Beach Thursday Pic of the Week – Loblolly Bay, Anegada, BVI

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I haven’t written one of these posts since before the hurricanes but the reaction to this image of Loblolly Bay on the island of Anegada in the British Virgin Islands was so popular that I thought it would be a great one to reintroduce the series. Plus, the fact that it was taken from Big Bamboo, a popular beach bar on the island, certainly didn’t hurt.

Anegada was devastated by Hurricane Irma, taking the full brunt of its eye, but it’s only a matter of time before the island restores itself to its natural beauty. As these bittersweet posts often do nowadays, they are at once a reminder of the past and a harbinger for the island and its resilient people.

caribbean, beach wallpaper

To download the high resolution version of the image above, head on over to the Wallpapers page and be sure to check out the Facebook page for our “Beach pics of the day” posts. Vote for your favorite by “liking” the photo and each week, we’ll post the winning image and a high resolution image of it for your viewing and downloading pleasure … but it will only be available for one week.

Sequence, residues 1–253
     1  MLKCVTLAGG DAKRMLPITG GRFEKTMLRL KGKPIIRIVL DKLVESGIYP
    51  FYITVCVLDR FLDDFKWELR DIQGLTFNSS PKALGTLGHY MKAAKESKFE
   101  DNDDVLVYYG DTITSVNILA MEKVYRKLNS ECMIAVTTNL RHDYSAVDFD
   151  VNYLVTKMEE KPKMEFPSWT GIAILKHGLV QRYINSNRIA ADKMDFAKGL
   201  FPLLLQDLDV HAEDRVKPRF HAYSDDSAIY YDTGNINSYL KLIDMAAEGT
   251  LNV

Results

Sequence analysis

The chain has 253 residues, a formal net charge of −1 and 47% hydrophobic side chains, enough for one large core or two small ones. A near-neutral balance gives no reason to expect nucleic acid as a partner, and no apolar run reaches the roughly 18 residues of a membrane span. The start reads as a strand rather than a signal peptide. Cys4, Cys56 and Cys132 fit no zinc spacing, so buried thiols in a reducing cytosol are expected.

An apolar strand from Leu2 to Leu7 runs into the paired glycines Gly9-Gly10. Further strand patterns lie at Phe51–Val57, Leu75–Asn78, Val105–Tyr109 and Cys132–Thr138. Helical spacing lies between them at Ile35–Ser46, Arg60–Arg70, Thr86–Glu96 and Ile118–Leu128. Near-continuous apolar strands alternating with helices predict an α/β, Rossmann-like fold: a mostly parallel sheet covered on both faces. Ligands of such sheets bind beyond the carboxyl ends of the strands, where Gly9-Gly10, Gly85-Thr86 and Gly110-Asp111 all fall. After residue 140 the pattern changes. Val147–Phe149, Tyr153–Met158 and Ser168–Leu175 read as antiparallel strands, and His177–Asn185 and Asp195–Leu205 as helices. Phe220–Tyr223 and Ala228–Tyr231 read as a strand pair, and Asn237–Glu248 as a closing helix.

Image is part of the public domain and is free for use with no attribution required. However, if you’d like to attribute us for featuring it, we certainly wouldn’t be bitter about it. We might even be a little giddy.

About Big Bamboo
“Aubrey and Diane Levons have a vision to create a resort that offers peace of mind and tranquility on the beautiful North Shores of Anegada. The addition of four beachside cottages this year at their Loblolly Bay location is a significant milestone in realizing this dream. The restaurant, beachbar and diveshop have long been favorites for visitors to Anegada and it is hoped that The Big Bamboo Cottages will add a welcome dimension to the escapism and serenity Loblolly Bay provides.

Another great attraction of Anegada is the Horse Shoe Reef. The Horse Shoe Reef is the fourth largest barrier reef in the world and has been known to have many ship wrecks which at present serve as diving attractions. The reef makes navigation to Anegada difficult. While charter boats freely sail among most of the other Virgin Islands, charter companies often forbid clients to sail to Anegada until they are familiar or have a captain onboard who can offer expert navigational expertise. Please note, in order to protect the reef, the relevant Government authorities restricts persons from anchoring on the reef.”

Author: Tom W.

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